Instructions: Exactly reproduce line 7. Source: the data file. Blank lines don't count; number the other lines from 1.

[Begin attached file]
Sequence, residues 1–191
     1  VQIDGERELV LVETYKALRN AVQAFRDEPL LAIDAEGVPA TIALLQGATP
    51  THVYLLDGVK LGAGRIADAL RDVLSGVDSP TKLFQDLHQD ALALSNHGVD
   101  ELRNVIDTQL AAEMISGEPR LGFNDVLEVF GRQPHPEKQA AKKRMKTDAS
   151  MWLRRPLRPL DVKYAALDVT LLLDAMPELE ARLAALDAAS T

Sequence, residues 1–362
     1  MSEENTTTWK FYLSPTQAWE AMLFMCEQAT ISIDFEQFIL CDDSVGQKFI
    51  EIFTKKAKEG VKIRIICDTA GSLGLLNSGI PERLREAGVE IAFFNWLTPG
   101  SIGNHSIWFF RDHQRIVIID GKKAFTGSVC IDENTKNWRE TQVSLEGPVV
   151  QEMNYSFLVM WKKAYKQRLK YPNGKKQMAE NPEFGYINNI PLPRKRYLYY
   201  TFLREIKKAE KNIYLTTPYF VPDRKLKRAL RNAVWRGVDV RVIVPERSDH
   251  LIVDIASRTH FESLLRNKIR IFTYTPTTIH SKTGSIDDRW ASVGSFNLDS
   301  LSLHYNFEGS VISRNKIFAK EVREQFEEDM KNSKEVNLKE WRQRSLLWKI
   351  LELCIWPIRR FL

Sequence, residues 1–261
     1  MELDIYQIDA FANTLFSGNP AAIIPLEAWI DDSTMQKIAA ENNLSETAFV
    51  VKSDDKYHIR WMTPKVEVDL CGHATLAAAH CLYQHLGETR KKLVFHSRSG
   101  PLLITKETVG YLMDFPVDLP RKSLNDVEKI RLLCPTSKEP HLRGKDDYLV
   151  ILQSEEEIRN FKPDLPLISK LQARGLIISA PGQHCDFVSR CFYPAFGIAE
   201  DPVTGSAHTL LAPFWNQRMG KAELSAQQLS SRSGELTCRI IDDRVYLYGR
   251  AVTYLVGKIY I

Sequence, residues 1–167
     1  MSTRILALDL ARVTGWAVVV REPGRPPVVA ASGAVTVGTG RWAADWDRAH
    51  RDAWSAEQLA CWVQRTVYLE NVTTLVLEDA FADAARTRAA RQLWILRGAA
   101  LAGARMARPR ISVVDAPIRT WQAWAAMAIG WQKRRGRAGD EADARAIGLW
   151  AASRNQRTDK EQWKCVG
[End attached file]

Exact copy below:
     1  MSEENTTTWK FYLSPTQAWE AMLFMCEQAT ISIDFEQFIL CDDSVGQKFI